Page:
School’s (nearly) out for summer
The school holidays are nearly upon us and that means many parents will be making plans to travel abroad with their children. Holidays are a great way of spending quality time together but the arrangements for travelling abroad with children can be complicated if their parents are separated.
Many people don’t realise that you need permission of each person with Parental Responsibility before taking children abroad. Usually this is the other parent. It is best to try and plan ahead to reach agreement about holiday plans in plenty of time to try to iron out any difficulties and avoid upset.
It is best if permission is put in writing in case you are asked to provide proof at the airport or when entering the other country.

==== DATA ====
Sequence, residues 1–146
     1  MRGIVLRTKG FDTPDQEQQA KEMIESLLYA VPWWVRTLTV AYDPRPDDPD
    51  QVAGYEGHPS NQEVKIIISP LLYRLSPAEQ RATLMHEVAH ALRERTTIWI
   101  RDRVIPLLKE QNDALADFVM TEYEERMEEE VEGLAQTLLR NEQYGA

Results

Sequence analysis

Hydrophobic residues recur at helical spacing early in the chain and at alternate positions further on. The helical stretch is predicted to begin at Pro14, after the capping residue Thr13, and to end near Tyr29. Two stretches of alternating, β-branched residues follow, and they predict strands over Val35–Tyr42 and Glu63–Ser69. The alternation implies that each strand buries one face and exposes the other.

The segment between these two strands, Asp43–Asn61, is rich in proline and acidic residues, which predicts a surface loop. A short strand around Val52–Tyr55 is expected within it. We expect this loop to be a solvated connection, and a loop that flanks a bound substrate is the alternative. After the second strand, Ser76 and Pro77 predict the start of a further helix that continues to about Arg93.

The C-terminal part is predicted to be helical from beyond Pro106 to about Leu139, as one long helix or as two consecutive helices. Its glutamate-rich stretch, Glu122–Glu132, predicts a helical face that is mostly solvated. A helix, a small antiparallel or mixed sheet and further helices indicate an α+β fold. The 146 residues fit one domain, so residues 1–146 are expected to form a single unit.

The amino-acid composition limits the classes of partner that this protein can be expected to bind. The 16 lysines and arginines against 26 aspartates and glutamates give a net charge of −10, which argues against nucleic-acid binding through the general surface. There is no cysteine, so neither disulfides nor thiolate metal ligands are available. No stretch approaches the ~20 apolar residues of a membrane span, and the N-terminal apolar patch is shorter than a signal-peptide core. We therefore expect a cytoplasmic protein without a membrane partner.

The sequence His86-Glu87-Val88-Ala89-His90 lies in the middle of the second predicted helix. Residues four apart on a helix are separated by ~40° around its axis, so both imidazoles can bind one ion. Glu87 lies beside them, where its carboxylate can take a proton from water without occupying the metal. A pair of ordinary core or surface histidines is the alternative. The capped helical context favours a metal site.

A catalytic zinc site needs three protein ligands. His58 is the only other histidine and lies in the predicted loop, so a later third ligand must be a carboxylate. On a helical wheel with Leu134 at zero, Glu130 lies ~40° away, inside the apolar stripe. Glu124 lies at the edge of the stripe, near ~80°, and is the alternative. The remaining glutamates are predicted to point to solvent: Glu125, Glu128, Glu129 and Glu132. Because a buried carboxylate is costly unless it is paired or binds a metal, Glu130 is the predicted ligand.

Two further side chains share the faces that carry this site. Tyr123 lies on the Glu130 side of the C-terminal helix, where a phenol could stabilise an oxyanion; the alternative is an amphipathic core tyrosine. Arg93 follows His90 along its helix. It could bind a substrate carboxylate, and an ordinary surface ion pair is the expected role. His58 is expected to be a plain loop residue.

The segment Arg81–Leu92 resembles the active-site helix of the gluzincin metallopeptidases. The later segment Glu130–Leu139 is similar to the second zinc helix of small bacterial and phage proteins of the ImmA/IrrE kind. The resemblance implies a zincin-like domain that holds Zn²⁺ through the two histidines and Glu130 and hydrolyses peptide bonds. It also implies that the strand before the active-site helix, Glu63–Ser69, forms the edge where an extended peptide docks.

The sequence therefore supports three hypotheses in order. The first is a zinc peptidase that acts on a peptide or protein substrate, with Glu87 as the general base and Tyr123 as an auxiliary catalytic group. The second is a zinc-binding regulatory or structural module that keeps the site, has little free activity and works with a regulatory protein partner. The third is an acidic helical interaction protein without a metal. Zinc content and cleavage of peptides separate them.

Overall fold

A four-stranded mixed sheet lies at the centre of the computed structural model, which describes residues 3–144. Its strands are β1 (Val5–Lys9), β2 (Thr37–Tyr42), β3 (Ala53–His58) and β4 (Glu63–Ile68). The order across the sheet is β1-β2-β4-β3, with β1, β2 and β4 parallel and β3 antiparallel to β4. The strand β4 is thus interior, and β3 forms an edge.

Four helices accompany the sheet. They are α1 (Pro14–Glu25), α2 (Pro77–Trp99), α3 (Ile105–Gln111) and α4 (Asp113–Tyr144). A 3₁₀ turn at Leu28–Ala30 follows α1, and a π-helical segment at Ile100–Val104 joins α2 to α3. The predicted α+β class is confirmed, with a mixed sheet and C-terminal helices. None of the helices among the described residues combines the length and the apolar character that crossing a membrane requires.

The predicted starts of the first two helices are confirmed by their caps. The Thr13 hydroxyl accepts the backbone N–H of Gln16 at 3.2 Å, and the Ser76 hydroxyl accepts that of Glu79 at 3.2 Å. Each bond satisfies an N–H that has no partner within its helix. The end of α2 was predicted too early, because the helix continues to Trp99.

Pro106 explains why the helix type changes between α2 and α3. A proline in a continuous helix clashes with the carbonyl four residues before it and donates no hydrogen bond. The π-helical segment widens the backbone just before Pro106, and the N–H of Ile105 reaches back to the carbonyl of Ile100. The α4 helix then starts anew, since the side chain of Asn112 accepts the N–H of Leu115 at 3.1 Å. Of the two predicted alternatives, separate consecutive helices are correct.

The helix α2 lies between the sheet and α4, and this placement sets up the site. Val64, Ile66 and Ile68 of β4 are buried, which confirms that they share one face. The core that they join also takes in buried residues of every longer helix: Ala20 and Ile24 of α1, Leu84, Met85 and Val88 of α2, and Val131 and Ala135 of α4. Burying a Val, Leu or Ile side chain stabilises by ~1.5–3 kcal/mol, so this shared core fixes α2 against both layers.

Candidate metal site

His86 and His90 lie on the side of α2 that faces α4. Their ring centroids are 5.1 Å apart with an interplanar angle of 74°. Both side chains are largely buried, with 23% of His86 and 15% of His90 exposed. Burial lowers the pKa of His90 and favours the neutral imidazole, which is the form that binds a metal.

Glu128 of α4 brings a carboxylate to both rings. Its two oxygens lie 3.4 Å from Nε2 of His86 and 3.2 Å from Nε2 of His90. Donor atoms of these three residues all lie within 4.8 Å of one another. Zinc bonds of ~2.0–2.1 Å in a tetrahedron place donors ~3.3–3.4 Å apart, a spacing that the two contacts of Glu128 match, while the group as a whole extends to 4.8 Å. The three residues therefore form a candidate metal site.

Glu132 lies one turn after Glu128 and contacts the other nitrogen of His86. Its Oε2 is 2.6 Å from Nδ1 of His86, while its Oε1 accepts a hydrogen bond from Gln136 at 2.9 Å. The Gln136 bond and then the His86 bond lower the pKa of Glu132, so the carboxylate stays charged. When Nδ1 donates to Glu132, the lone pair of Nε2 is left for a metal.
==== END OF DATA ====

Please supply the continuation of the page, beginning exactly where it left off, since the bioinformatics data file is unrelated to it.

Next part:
If the other parent will not agree to you going abroad you will need to apply for a court order approving the plan for the child to travel abroad. An exception to this rule is where you have obtained a Child Arrangements Order saying the children should live with you. This allows you to take them abroad but for no longer than one month, without permission.
If a court application is made the Judge will have to look at both parents’ positions. A common reason for objecting to a child going abroad is the fear that they will not be returned. If the planned holiday is to a country which is not signed up to the Hague Convention the Court has to consider:
1. How big the risk is that the children will not return home
2. How serious the consequences are of them not returning home
3. What safeguards can be put in place to make sure they come home or to assist if they do not.
The Court has to balance the benefits to the child of a foreign holiday, perhaps involving meeting members of their extended family and getting to know their cultural heritage, against the risk of their not being returned.